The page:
I pose to you the eternal brunch quandary: sweet or savory, sweet or savory. The debate runs through my head on an endless loop, like cartoon birds circling a knockout, as I pour over the menu. Drinks are easy; just order three (for me—coffee, diet coke, and a mimosa) as they all serve different and necessary functions insofar as brunch’s concerned. I usually make conversation with my companions as though I’m not completely overwhelmed by the prospect of choosing between an egg sandwich with house-cured bacon and its sexy-sounding aioli or the Belgian waffle with mac-nut sauce. And since I pig out in the beverage department (or should I say camel out since we’re talking liquids?), ordering both is simply not an option.
Well, if you’re indecisive enough to find yourself in a similar scenario, hopefully you also have a group of friends who make the choice easy. Take it from the Buttertooth Boosters and order either biscuits and gravy or a stack of waffles—wait for it—for the table. (Honestly, “for the table” are probably my three favorite words to utter at a restaurant, followed closely by “more wine, please.”) I’m not quite sure when my friend group decided to start ordering breakfast entrées as if they were appetizers, but it was probably sandwiched between an unfortunate night at Talayna’s and a sleepover on one of Kathy’s four air mattresses. So a tradition was born. Who cares if the server gives us an odd look or if the food runner jokes that the table may buckle under the weight of our many plates? We need them all, dude.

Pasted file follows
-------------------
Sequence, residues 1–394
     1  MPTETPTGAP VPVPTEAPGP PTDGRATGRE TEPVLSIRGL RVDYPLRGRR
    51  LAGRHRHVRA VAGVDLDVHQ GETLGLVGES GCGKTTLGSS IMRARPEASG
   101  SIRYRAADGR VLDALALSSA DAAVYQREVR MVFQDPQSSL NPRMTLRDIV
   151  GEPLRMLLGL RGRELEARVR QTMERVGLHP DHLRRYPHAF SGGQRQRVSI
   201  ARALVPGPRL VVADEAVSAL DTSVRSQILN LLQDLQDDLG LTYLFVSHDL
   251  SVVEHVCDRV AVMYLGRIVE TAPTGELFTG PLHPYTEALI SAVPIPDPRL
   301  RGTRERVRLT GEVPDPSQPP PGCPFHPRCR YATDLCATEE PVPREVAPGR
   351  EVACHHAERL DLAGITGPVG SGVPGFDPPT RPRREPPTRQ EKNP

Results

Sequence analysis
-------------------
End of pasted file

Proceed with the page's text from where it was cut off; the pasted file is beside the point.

This breakfast dish, then, is an homage to those friends and also sausage gravy. You can’t hail from Missouri and not hold a strong opinion about biscuits and gravy (said opinion usually being GIVE THEM TO ME NOW). This is an easy, comforting, cold-weather breakfast that I think most everyone can enjoy. I, however, now live in a state whose traditional breakfast, while delicious, doesn’t involve smothering carbs in milk-based gravy. Which is fine—because it’s incredibly easy to make at home. And, when serving at my casa, you don’t have to worry about a dog-friendly patio. This is a dog-mandatory brunch house. Bring that pood, or don’t get fed.
We’ve had some fun interpreting this classic by baking it almost reminiscently of chicken and dumplings. Thus the presentation is slightly elevated and also incorporates hash browns in a way that has so far been neglected from a serving standpoint. It’s a comfort skillet topped with more comfort (read: gravy) and, for the frisky among us, even an egg on top. Put a bird on it, I say.
Are we still doing that?
- 1 pound loose breakfast sausage (we like spicy)
- 1 teaspoon minced garlic
- ¼ cup all purpose flour
- 1 ½ cups milk (2% or whole)
- ½ cup half and half (you can make this milk if you prefer leaner)
- 1 teaspoon salt
- 1 teaspoon black pepper
- Heat a large skillet over medium heat. Once hot, brown the sausage in small pieces, adding the garlic about 3 minutes into the cooking (when sausage is half cooked).
- Once browned, remove the sausage with a slotted spoon and set aside on a separate plate. Lower the heat to medium-low.